In deepest gratitude, we have the obligation to love and to serve our Master. We are so indebted to Him, and in return He only asks that we follow Him. And if we do keep His commandments, he again blesses us! Blessings of strength and peace, love and unity. He blesses us in our labors, and in our relationships with others.  And ultimately, He blesses us with the gift of eternal life, and we are able to enter His kingdom. The Bible dictionary tells us that through grace, we are given the “enabling power that allows [us] to lay hold on eternal life and exaltation after [we] have expended [our] own best efforts” (BD: grace).  We can access the atonement every day in our lives, both to cleanse us from our sins and to receive strength in doing the Lord’s will. 

This Easter Sunday, let us remember the atoning sacrifice of our Lord and Savior, Jesus Christ. Let us remember our Father in Heaven—He who loved us all so greatly that He allowed His only begotten Son to die for us. And let it change your life. We will have the opportunity this coming weekend to hear from our beloved Church leaders, and from the living Prophet of God. I am so excited. Let us all listen to their words, searching to know what changes we can make to draw nearer to our Savior. I know that however hard it may seem, it will always be worth it.

As followers of Christ, we must strive to do all we can to keep His commandments. Each day of our lives will be an ongoing battle and we will face temptations and trials. Sometimes, we will fall short. But because of the atonement, we can repent! President Monson once stated that “one of God’s greatest gifts to us is the joy of trying again, for no failure ever need to be final.”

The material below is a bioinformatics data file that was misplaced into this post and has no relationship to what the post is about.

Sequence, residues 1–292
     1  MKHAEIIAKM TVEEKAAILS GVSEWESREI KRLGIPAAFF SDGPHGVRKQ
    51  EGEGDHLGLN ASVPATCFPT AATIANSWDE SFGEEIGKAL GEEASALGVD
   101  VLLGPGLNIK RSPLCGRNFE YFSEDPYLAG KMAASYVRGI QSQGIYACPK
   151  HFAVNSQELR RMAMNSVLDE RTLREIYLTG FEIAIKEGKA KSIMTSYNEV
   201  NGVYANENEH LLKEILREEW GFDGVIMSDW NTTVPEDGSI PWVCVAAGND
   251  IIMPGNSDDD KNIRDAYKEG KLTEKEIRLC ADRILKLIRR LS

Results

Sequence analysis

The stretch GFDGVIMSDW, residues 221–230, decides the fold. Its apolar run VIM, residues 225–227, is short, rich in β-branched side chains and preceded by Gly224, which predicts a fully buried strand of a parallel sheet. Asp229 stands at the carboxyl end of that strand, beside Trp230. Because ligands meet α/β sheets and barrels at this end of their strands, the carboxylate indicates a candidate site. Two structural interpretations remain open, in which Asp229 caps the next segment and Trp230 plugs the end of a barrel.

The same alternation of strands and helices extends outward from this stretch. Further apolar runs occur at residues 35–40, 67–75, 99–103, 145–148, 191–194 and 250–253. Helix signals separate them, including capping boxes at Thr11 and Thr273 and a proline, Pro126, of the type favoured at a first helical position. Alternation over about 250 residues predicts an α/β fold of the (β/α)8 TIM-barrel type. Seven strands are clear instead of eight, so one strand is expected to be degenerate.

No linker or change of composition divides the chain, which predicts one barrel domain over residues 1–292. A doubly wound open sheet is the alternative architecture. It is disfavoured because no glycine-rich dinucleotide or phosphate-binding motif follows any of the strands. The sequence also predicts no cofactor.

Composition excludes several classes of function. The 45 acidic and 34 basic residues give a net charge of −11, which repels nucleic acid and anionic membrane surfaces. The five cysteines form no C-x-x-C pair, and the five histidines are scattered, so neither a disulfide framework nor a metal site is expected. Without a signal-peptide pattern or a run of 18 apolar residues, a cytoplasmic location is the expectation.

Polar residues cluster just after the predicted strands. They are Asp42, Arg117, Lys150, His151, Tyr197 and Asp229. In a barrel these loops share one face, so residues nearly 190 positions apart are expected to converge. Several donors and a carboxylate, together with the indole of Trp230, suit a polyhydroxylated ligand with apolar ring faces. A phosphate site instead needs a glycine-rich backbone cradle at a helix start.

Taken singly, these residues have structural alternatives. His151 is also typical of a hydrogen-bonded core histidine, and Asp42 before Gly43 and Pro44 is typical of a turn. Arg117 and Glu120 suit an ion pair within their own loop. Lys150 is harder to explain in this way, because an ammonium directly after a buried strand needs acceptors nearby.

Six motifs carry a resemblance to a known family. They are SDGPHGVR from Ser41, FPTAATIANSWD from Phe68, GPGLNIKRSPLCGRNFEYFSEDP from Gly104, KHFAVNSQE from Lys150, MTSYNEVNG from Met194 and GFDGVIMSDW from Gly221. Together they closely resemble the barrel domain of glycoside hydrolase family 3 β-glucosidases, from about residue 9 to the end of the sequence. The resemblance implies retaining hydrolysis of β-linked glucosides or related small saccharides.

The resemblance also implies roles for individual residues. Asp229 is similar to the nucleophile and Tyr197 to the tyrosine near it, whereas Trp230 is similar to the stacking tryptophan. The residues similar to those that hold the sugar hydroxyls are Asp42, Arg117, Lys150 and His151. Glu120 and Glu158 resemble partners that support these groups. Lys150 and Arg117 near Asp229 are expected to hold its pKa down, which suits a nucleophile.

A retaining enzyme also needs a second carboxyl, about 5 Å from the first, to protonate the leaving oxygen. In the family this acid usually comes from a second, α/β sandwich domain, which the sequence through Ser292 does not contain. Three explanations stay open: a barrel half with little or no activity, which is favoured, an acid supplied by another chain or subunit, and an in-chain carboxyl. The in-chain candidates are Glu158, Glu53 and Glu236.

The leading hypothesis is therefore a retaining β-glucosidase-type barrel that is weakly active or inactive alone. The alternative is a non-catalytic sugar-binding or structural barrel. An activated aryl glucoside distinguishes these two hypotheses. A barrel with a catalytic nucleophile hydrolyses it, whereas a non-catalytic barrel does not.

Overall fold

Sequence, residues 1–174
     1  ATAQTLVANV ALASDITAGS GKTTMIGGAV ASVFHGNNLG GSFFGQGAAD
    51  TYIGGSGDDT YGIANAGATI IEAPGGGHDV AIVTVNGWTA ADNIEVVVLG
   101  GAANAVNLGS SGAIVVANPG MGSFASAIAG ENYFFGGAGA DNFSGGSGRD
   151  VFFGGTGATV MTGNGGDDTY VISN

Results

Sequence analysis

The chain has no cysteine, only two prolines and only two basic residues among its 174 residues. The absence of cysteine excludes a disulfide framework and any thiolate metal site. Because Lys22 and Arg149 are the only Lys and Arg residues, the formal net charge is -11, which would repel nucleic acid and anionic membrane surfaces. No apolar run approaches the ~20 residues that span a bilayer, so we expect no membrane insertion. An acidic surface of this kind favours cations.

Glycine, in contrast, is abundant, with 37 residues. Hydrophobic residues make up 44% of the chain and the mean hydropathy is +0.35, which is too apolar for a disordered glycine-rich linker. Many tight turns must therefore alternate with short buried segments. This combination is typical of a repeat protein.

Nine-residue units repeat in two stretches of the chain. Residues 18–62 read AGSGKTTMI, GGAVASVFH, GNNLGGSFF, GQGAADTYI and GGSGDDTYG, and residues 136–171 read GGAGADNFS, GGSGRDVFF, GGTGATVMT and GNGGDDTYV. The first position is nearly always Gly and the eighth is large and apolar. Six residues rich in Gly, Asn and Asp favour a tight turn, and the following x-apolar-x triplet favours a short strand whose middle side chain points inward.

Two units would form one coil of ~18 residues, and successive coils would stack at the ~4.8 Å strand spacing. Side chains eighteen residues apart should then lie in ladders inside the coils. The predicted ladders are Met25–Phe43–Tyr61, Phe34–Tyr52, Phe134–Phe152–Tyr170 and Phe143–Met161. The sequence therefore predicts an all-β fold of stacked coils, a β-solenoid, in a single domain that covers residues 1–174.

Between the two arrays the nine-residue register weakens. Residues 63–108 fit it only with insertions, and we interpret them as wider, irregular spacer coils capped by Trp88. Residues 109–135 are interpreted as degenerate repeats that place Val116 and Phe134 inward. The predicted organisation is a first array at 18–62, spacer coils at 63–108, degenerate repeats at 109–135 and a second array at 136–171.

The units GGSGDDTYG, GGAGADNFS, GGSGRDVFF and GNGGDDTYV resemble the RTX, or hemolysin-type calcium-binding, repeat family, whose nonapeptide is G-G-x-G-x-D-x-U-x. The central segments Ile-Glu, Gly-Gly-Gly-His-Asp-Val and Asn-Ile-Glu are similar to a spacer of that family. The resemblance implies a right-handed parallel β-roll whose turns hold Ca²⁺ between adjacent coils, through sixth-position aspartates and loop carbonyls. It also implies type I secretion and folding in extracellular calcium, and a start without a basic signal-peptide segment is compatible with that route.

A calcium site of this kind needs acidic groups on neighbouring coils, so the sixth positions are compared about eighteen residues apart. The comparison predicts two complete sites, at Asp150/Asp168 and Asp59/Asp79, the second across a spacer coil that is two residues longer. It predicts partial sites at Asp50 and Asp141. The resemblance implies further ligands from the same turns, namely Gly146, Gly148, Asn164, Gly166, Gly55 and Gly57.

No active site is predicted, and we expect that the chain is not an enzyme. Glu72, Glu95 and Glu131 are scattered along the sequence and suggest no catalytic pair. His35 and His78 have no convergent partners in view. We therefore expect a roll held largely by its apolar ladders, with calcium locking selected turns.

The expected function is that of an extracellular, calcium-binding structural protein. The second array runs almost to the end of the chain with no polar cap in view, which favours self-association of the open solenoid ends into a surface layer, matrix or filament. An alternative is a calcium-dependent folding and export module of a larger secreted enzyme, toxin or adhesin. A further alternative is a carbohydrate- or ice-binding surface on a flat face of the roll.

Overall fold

I know that I fall short in many areas of my life. I’m not a perfect daughter, or sister, or friend. But I do love my Savior, and I will continue to repent and do my best to follow the path he lays out for me. Last October, Elder Holland shared a beautiful message about becoming converted to the Lord. At one point in his talk he stated,

“My beloved brothers and sisters, I am not certain just what our experience will be on Judgment Day, but I will be very surprised if at some point in that conversation, God does not ask us exactly what Christ asked Peter: “Did you love me?” I think He will want to know if in our very mortal, very inadequate, and sometimes childish grasp of things, did we at least understand one commandment, the first and greatest commandment of them all—“Thou shalt love the Lord thy God with all thy heart and with all thy soul, and with all thy strength, and with all thy mind.” And if at such a moment we can stammer out, “Yea, Lord, thou knowest that I love thee,” then He may remind us that the crowning characteristic of love is always loyalty.” ("The First Great Commandment")

Let us prove our love to the Lord with our loyalty. Again quoting Elder Holland, “May we declare ourselves to be more fully disciples of the Lord Jesus Christ, not in word only and not only in the flush of comfortable times but in deed and in courage and in faith, including when the path is lonely and when our cross is difficult to bear.”

I bear my testimony that I know that this is God’s true Church. I know that it holds the fullness of the Gospel and the key to obtaining eternal life.

So now it is my turn to hand my life over to the Lord, trusting in Him to guide me and to use me as an instrument in sharing this sweet message with His children.  And when it is asked of me, with all my heart I will firmly declare, “Yea, Lord, thou knowest that I love thee!” 

I want each of you to know that I know with all my heart that God lives, and that He loves each and every one of us.

In the name of Jesus Christ, amen.

Talks on the Atonement:
None Were With Him (Jeffrey R. Holland)
The Atonement Can Clean and Reclaim our Lives (Shayne M. Bowen)
His Grace is Sufficient (Brad Wilcox)
The Atonement (Boyd K. Packer)
The Atonement and the Journey of Mortality (David A. Bednar)
The Miracle of the Atonement (C. Scott Grow)
The Atonement Covers All Pain (Kent F. Richards)

Friday, March 8, 2013

Opening My Call


When President Monson announced that the age sisters could qualify for missionary service had been lowered, I was overcome with emotions. I felt as though I knew more certainly than ever that Thomas S. Monson was a Prophet of God, and knew with all my heart that the Lord is intricately involved in the details of my life. I remember thinking of a quote I had found earlier that week while researching for a Church History paper. It was Parley P. Pratt's description of how he had felt after learning of the temple sealing ordinances. He said: